When I talk to developers about the forms of encryption they can use in their applications, I’m often met with confusion. Encryption itself is seen as an advanced topic, so it’s relegated to a dark art practiced by expert consultants rather than everyday engineers.
But every engineer needs to understand encryption. They don’t need to be an algorithm expert or a mathematician, but knowing what different forms of encryption exist – and how to use them – is vital for any engineer.
The most common form of encryption is symmetric. You use the same key to both encrypt and decrypt messages. AES is one of the most widely used symmetric algorithms in the world today. It’s fast, secure, and implemented in a wide variety of languages and frameworks.
In the PHP world, you can use either AES or the newer, open source XSalsa20 cipher introduced by Libsodium.
If you’re using PHP, the Basic Secret-Key Cryptography documentation and examples by Paragon IE help illustrate how straightforward the language makes encryption.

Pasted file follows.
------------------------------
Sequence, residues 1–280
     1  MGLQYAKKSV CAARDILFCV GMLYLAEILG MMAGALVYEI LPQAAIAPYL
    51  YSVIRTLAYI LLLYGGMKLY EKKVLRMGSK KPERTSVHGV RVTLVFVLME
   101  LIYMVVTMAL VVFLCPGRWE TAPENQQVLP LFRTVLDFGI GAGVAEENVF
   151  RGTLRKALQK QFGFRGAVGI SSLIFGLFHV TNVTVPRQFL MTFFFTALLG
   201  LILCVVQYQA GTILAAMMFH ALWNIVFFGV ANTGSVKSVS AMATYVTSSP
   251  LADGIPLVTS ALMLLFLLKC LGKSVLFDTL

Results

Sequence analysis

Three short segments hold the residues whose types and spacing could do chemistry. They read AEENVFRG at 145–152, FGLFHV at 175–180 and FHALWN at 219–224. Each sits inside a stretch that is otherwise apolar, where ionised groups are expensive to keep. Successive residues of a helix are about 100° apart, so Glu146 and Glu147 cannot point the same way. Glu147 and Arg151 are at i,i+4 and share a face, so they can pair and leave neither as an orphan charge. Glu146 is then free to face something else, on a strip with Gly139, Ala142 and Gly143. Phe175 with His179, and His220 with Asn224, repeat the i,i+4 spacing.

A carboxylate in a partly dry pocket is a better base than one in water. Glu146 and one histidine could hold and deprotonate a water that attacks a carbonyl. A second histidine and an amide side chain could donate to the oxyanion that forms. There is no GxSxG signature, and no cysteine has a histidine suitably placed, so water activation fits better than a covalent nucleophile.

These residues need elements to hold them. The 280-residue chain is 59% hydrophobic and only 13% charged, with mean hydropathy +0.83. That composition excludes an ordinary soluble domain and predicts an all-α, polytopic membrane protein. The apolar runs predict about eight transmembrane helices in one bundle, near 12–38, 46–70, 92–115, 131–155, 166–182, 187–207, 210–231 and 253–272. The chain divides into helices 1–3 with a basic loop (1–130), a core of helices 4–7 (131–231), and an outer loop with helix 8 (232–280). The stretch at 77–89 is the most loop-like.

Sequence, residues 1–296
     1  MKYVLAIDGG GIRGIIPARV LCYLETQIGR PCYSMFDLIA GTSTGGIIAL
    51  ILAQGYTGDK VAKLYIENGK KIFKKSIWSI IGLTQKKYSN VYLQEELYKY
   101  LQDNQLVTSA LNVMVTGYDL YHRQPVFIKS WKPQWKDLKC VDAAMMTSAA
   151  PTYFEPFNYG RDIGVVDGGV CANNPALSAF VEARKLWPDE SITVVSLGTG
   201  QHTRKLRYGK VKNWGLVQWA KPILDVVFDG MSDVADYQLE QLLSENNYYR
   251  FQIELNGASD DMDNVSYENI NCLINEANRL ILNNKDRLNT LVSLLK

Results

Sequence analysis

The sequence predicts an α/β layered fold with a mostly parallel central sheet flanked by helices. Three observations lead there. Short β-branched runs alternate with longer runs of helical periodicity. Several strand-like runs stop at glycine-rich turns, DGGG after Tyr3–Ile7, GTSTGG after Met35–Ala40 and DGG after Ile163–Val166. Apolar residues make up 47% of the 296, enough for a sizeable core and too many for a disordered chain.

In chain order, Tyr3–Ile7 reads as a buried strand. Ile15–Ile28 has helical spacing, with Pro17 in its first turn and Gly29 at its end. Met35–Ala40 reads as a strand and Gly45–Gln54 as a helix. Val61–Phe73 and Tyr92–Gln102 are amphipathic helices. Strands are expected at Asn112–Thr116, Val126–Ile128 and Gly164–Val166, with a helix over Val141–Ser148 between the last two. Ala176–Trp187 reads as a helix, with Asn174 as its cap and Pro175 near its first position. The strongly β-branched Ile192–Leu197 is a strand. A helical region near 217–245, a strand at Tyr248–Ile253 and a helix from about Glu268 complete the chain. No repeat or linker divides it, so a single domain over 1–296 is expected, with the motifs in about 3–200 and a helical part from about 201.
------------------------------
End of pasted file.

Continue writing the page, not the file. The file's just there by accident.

Asymmetric encryption is usually called “public key cryptography” because it splits operations into public and private elements. You start by creating a cryptographic keypair – one key is kept secret, the other is shared publicly with the world. Anyone who wants to encrypt a message for you can leverage your known, public key. Only you, armed with your private key, can decrypt the message.
A similar exchange works with signatures . You can sign a message using your private key and any third party can verify that signature with your public key.
If you’re using PHP, take a look at the public key cryptography support built into the language.
Envelope encryption is actually a combination of both symmetric and asymmetric algorithms. In most cases, what we want to be using is asymmetric so we can ensure no secret key material ever needs to be exchanged. Unfortunately, encrypting asymmetrically is expensive and limited. Modern asymmetric algorithms can only encrypt small elements of data.
If you need to encrypt a large document, video, or anything longer than a few words – you want to use symmetric crypto.
Rather than pick one or the other, using envelope encryption lets you choose both!
Encrypt your payload with a strong, symmetric cipher. Then, wrap that encryption key in an envelope; Use a asymmetric cipher to redundantly encrypt the symmetric key. You get the benefit of asymmetry with your communication, but the speed and power of symmetric cryptography to protect your data.
In fact, the public key cryptography supported by PHP’s Libsodium interface handles the envelope for you automatically. These interfaces are remarkably straightforward and make using encryption correctly quite simple.